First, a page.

In the age of digital music and high speed file transfer, music labels were faced with the problem of convincing consumers to continue to pay for music. While many large labels had the vast amounts of capital needed to take many people to court over music piracy, smaller labels knew they would quickly go out of business if they spent their money on anything other than producing music. Thus it was many albums started to be packaged with special extras, such as a bonus DVD, fancy booklet, and so on. The Merzbow CD Car is an example of just how strange these "extras" could get.

Small Swedish record label Releasing Eskimo handled releases of Japanese Noise musician Merzbow, and at one point released a "special limited edition" of Merzbow's album "Noise Embryo" in an unusual format, a Mercedes 230.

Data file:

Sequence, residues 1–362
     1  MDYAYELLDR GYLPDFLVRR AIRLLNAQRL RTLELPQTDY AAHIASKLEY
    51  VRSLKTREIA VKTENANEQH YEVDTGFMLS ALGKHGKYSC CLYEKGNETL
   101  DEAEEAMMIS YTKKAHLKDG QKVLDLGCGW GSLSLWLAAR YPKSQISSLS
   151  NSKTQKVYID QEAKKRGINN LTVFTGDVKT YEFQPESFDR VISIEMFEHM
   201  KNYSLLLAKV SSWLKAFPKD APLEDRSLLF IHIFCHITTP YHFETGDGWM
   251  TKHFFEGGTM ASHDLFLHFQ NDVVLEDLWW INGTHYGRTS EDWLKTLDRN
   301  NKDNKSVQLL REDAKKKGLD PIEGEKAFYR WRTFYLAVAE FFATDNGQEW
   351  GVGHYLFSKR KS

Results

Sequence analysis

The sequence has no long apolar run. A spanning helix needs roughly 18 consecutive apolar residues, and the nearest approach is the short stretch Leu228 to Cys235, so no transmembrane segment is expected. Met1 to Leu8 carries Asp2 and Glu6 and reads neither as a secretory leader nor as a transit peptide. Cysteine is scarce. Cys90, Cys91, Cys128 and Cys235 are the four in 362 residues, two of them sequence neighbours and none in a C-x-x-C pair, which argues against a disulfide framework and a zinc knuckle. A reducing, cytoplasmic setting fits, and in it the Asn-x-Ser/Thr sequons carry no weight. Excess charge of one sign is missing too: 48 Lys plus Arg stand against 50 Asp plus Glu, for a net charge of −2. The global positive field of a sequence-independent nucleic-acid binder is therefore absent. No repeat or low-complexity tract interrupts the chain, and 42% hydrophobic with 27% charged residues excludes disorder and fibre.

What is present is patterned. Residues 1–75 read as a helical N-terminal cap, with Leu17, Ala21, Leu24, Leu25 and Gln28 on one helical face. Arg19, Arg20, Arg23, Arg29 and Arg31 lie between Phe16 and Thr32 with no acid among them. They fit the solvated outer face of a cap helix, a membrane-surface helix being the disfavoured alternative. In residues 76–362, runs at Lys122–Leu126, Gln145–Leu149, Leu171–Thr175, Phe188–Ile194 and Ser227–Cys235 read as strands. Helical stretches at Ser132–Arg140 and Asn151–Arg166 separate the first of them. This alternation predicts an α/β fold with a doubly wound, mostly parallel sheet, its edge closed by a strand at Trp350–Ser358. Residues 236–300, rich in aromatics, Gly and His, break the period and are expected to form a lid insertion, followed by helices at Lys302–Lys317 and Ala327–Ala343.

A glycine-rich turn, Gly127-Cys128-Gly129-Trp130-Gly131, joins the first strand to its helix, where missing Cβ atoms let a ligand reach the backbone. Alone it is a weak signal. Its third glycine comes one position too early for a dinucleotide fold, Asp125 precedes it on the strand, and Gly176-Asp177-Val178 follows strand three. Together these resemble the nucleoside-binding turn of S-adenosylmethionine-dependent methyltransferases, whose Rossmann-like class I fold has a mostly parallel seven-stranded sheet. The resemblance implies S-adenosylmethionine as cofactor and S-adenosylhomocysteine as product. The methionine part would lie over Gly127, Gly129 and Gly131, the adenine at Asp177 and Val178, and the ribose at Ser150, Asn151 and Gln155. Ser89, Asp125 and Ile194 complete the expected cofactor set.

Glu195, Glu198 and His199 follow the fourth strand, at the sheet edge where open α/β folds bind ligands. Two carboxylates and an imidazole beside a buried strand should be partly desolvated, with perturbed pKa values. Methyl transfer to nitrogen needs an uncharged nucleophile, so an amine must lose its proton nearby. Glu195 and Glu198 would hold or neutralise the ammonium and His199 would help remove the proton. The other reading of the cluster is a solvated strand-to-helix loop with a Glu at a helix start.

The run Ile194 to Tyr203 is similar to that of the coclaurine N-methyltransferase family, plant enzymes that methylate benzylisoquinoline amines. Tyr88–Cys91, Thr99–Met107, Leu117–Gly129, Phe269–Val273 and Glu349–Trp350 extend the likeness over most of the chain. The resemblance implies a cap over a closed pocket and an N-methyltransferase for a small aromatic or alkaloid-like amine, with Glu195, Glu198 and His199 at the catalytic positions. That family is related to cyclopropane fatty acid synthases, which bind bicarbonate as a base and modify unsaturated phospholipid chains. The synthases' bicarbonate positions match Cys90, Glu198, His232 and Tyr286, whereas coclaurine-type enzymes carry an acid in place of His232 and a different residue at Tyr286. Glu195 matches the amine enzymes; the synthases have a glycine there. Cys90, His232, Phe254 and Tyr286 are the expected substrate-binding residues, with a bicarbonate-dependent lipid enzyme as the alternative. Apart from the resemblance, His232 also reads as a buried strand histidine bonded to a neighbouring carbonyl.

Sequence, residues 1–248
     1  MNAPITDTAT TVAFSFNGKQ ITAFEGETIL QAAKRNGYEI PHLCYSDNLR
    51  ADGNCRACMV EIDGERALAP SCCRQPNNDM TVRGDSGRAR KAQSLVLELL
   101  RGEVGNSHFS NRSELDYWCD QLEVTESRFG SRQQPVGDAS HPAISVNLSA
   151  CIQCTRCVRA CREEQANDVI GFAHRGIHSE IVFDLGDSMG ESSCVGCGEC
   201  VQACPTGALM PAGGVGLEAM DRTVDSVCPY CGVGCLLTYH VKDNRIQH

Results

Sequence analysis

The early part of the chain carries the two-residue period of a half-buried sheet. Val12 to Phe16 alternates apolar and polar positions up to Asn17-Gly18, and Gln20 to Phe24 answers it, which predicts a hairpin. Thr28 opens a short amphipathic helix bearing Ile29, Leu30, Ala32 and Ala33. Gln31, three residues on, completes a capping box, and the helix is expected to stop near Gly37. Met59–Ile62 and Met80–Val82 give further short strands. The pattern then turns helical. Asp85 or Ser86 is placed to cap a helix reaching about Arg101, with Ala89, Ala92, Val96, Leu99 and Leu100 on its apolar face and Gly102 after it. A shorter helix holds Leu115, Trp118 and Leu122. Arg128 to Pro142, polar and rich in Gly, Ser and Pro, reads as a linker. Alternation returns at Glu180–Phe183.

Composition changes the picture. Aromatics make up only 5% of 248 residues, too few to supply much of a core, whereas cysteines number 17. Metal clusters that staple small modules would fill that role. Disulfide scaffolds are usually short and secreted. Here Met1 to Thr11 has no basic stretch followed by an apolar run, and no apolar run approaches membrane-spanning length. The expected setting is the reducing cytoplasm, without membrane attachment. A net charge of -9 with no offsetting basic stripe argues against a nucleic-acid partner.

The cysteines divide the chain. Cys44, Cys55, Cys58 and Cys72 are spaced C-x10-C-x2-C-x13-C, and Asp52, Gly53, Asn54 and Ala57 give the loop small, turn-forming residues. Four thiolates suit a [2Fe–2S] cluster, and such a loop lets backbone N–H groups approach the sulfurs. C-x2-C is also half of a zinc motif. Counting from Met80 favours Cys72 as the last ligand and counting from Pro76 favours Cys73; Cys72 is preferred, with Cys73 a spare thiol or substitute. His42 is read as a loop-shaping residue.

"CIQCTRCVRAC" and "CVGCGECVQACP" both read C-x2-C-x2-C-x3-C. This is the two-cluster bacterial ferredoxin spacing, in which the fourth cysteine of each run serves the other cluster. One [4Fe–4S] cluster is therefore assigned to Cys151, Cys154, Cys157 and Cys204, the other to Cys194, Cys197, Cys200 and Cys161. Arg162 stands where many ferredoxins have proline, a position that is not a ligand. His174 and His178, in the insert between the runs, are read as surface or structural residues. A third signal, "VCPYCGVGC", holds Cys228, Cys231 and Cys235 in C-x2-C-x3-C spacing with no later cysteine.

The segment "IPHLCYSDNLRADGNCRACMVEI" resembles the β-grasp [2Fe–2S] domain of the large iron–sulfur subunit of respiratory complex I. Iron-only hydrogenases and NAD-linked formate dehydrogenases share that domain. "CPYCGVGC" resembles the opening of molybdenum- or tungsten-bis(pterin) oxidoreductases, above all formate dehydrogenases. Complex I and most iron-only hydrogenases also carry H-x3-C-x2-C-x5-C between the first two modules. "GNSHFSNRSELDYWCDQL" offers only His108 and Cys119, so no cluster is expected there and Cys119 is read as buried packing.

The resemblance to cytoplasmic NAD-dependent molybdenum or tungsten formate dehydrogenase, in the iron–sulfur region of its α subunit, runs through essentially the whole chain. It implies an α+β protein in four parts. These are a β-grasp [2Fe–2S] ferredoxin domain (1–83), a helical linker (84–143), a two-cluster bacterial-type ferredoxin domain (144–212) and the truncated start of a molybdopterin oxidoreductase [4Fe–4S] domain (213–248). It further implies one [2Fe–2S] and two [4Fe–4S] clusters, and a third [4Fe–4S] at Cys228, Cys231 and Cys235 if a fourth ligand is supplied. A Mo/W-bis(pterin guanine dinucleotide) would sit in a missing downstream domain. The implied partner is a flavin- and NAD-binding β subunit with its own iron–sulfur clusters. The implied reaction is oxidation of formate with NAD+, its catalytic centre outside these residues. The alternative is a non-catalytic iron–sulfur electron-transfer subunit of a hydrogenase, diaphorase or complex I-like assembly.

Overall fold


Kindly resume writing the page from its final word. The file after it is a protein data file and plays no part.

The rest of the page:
Apparently, one of the employees of the label had a Mercedes 230 that he barely drove, and the police warned him that they were going to tow it. Bereft of ideas on how to resolve the situation, he tinkered with the car's CD player, such that the Merzbow album would start when the car turned on, and would be impossible to stop or remove (presumably unless the CD player was again taken apart). The "special limited edition" of the album was then put up for sale, but unfortunately went unpurchased. Eventually, the owner gave up, removed the CD, and just dumped the car.

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